16. Teaching/learning strategies for the essentials of baccalaureate nursing education for entry-level community/public health nursing. (United States)

    Callen, Bonnie; Smith, Claudia M; Joyce, Barbara; Lutz, Jayne; Brown-Schott, Nancy; Block, Derryl


    The purpose of this article is to describe teaching/learning strategies for each of the 15 Essentials of Baccalaureate Nursing Education for Entry-Level Community/Public Health Nursing (ACHNE, 2009). Carper's ways of knowing serve as foundations for creating classroom and clinical experiences that focus on clinical action with community as client. Each community/public health essential is defined with relevance to community/public health nursing practice. Five teaching/learning strategies have been delineated for each essential with suggestions of teaching resources and/or target population application. Teaching/learning strategies that focus on community as client, population health, and the essential knowledge and competencies of C/PH nursing will help ensure preparation of baccalaureate prepared nurses with knowledge and skills to improve the health of populations. © 2013 Wiley Periodicals, Inc.

  17. Nurses' views about returning to practice after a career break. (United States)

    Durand, Mary Alison; Randhawa, Gurch

    Shortages in nursing staff have led to recruitment campaigns targeting nurses who have left the profession. The present study explored reasons why career-break nurses decide for or against a return to practice, as well as perceptions of nursing following return. Semistructured interview were conducted with 24 nurses who had returned recently to the profession and 28 nurses on a "career break". Findings revealed that those who returned did so when their personal circumstances allowed, and half returned as bank nurses in order to work flexible, family-friendly hours. Some non-returners reported that they could not afford to return because of childcare costs. Although still a caring one, the nurse's role is seen by returners as becoming increasingly technologically and administratively demanding. Flexibility with regard to working practices, increased salaries and demonstrating that it values its staff, were highlighted by interviewees generally as priority issues for the NHS if it wishes to recruit career-break nurses.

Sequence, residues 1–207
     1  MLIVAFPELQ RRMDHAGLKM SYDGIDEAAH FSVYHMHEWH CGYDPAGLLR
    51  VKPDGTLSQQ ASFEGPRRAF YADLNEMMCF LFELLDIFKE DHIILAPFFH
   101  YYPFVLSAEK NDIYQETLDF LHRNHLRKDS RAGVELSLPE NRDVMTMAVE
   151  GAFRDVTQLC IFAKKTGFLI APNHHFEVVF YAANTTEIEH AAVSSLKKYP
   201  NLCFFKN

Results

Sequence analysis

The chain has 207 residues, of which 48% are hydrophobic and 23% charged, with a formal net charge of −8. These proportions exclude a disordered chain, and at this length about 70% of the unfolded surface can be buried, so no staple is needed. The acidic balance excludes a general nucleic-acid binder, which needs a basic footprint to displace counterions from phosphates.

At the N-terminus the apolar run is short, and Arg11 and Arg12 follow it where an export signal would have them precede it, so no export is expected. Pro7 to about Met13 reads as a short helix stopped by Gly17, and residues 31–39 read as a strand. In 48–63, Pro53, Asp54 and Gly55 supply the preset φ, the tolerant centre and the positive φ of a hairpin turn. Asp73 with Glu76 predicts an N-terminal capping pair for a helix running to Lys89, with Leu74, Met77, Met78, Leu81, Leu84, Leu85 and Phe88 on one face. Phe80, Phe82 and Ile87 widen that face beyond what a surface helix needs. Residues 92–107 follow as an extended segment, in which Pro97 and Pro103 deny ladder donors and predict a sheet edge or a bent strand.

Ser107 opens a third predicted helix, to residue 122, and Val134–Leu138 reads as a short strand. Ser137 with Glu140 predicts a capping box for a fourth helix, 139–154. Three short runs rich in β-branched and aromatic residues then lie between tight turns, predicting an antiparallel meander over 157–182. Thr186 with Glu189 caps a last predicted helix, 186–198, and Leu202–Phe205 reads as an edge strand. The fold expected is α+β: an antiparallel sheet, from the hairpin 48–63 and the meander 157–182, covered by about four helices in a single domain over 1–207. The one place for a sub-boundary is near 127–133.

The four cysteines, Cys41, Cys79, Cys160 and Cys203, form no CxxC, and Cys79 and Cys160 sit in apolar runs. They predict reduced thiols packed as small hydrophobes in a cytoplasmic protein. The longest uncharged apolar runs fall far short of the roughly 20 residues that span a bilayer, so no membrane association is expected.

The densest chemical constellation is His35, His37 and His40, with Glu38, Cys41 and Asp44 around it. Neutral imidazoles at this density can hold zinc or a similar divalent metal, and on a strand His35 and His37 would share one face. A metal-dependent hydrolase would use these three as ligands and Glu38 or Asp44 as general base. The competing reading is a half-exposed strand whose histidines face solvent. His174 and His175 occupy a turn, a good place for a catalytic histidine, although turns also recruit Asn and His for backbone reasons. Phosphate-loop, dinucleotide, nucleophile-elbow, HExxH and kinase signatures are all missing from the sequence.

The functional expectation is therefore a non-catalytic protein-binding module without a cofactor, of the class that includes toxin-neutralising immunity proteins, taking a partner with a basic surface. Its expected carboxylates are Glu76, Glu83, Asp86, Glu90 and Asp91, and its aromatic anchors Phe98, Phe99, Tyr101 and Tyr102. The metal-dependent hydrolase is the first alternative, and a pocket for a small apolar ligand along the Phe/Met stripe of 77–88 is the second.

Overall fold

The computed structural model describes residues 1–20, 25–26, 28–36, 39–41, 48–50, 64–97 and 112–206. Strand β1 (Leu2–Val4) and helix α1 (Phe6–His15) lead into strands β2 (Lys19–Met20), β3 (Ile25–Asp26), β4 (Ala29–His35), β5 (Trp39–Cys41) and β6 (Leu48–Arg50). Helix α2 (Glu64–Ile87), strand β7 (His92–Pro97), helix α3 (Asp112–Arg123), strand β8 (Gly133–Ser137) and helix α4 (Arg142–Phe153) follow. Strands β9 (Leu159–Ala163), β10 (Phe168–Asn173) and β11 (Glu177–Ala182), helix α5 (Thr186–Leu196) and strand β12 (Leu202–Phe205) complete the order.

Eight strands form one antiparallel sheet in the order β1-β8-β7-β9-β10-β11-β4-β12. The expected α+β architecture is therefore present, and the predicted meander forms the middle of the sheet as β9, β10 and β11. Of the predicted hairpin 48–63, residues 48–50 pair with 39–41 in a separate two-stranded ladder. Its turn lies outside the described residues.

18. Social and professional status of nurses in a context of innovative reforms in nursing practice

    Directory of Open Access Journals (Sweden)

    Andrijanova Е.А.


    Full Text Available The article states the results of sociological research of basic medical and social factors that influence the formation of social and professional status of nurses in a context of innovative reforms in nursing practice

  19. Hodges' Health Career Model and its role and potential application in forensic mental health nursing. (United States)

    Doyle, M; Jones, P


    Forensic mental health nursing is increasingly recognized as a speciality of mental health nursing. Despite this, there are limited examples of theoretical models to underpin this specialism. This paper describes a conceptual framework known as the Hodges' Health Career - Care Domains - Model, hereafter referred to as the Health Career Model (HCM). Readers will learn of the model's origins, development, structure and content together with its application in forensic mental health nursing. Created in the 1980s, the model was developed in the North West of England by Brian E. Hodges. Overall, the purpose of the paper is to demonstrate the model's potential in forensic mental health nursing, its flexibility, adaptability and its increasing relevance to the problems of 21st century health, social care and well-being. Forensic nursing is discussed and the rationale for a nursing model is made. Hodges' model is introduced by explaining its original purposes, structure, its four knowledge (care) domains, its current status, publications and resources. The model's relevance and application in forensic nursing is explored, in particular the demands and unique constraints of this care environment as exercised upon service users, the multidisciplinary team, families, carers and other stakeholders. Future implications for research and recovery-orientated practice are discussed.

  20. The Nurse in Health Policy and Politics